People are not just buying cosmetics; they are investing in their well-being, fairer practices, and the environment. In 2024 Mintel anticipates that the trend of integrating mental well-being into the beauty industry will start to become a mainstream. The consumer desire to know more about a product has steadily been requiring companies to demonstrate both responsibility and accountability as brands align themselves with ethical and sustainable actions when creating products that not only enhance beauty but also respect the planet.

trends and regulatory landscape
©NürnbergMesse / Frank Boxler

So, what’s the evidence? According to Mintel, 81% of Brazilian adults agree that beauty brands should provide more scientific evidence to validate the claims they make; and 47% of Italian adults say they are buying fewer products that they did before due to concerns about the environmental impact of their beauty /grooming routine.

How can brands adapt to 2024’s consumer demands?

For the average consumer, the first indicator of product’s characteristics is its on-pack claims. To support claims, brands need to share verifiable evidence of responsible practices to validate the claims they make (e.g., through third-party certification), and demonstrate the sustainability characteristics of their product throughout its entire value chain. The chain’s footprint covers everything from cosmetic raw materials to packaging; from transport and distribution to the final point-ofsale; to the way products are used, disposed of and how their waste is managed. The overall organisational and product-based environmental footprint remains a core activity for beauty brands, and this is only set to accelerate.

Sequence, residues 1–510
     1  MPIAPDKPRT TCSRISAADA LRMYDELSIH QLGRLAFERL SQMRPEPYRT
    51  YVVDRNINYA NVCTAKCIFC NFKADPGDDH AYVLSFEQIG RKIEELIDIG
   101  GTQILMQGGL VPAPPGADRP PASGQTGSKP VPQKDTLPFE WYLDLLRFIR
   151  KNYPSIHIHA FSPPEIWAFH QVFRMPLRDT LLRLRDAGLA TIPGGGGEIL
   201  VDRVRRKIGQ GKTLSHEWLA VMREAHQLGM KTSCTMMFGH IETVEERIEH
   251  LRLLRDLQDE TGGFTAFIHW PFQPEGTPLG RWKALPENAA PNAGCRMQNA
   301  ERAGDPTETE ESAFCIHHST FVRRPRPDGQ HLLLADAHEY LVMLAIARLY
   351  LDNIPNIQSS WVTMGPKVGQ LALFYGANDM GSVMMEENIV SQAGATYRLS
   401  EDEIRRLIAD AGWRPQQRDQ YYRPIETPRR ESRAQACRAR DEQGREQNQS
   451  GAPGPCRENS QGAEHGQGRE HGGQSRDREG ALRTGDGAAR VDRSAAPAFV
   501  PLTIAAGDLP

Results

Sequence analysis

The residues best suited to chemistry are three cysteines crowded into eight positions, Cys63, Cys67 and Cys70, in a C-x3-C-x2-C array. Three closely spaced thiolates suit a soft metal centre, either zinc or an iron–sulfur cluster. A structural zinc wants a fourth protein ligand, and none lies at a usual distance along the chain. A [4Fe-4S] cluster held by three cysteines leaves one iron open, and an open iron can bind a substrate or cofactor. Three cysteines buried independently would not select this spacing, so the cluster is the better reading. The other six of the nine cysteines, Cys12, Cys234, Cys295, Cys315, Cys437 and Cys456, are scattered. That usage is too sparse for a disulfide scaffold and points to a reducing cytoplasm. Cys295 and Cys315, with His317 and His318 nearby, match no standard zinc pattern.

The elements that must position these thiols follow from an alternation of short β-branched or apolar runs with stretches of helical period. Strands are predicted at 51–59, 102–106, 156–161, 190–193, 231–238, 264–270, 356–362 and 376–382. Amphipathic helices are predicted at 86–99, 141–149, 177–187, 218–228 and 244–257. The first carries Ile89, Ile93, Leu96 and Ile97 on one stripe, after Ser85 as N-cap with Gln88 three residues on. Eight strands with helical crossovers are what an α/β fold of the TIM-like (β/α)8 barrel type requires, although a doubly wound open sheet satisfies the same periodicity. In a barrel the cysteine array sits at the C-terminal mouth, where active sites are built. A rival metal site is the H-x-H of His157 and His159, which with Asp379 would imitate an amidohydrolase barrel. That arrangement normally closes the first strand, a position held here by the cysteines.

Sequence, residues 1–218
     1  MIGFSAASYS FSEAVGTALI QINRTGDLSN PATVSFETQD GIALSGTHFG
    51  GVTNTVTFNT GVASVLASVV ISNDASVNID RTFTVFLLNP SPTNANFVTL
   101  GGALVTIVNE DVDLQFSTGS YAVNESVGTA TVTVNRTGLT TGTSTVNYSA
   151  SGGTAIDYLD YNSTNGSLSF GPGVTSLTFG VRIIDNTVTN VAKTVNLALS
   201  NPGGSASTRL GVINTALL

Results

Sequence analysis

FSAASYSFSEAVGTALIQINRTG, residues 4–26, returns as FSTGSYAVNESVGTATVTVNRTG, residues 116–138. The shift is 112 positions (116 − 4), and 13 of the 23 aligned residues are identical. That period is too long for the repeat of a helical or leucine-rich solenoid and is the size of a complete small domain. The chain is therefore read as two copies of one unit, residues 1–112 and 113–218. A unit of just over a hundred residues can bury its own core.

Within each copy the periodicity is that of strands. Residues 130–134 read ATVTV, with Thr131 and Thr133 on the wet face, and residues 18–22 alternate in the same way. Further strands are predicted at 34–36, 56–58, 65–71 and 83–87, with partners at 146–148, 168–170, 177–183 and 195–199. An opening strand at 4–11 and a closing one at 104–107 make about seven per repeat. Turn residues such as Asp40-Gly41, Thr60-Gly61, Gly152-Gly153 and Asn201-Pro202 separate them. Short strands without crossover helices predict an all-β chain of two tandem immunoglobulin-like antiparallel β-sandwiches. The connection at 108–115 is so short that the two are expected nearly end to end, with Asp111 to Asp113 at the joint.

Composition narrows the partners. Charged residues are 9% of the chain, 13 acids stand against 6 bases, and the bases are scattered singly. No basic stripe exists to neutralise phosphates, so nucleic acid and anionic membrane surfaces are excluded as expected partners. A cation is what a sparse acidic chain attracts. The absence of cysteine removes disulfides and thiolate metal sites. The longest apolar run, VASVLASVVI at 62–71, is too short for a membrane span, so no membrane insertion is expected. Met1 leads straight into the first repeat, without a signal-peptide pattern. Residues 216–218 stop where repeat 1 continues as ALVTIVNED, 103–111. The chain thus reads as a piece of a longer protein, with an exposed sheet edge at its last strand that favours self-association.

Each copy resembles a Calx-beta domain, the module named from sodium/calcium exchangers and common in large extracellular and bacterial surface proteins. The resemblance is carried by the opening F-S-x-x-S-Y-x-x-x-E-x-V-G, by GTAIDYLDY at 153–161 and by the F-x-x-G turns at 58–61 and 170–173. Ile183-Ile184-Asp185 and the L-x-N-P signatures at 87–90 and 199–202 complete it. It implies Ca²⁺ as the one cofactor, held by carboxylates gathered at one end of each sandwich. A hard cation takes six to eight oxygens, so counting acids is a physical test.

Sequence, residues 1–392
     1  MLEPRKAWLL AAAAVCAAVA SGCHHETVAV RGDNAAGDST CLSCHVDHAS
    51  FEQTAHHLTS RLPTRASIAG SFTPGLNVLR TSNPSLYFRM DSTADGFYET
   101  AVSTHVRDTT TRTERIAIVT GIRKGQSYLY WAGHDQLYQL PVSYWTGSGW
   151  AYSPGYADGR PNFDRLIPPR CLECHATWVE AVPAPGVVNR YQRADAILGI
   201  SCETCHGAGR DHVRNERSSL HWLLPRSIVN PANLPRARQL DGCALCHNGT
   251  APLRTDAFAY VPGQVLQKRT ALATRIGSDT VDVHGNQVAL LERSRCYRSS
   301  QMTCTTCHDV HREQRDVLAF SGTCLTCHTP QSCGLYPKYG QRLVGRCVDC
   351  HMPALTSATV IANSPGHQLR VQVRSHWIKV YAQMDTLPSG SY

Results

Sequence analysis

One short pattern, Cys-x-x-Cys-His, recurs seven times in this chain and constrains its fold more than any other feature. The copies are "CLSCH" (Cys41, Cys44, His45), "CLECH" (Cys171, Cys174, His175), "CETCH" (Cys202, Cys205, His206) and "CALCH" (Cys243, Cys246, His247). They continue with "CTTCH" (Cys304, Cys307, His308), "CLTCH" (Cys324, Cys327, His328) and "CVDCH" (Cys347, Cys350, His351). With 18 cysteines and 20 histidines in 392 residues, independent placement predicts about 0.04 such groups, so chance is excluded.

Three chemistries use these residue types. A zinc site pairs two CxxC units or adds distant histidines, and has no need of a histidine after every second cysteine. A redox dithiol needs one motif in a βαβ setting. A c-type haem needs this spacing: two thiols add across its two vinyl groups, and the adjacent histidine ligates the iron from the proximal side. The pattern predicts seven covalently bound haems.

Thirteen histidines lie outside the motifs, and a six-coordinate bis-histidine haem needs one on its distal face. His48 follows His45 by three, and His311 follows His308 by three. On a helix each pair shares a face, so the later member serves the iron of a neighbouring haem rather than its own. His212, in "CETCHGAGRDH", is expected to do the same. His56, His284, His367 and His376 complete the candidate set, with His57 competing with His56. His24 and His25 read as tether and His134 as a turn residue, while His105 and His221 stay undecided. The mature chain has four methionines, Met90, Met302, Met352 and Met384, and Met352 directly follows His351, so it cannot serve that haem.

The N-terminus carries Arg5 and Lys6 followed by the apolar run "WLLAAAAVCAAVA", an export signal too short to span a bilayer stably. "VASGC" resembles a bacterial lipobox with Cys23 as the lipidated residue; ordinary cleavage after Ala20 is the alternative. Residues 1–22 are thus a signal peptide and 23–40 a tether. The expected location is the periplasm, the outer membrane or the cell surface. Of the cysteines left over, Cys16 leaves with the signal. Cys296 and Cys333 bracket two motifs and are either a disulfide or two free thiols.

Striving to find ways to improve its social and environmental footprint is a non-trivial task, as formulators must balance such expectations with the need to select ingredients that do not compromise a product’s safety, efficacy or sensory profile. Furthermore, the fact that 85% of consumers would be willing to pay more for beauty products with proven efficacy or benefits, also reflects the focus of sustainable consumers on quality (and efficiency) over quantity–the well-known “less-is-more” trend.

For the average consumer, the first indicator of product’s characteristics is its on-pack claims

The accumulation of such trends means that in 2024 consumers are seeking out: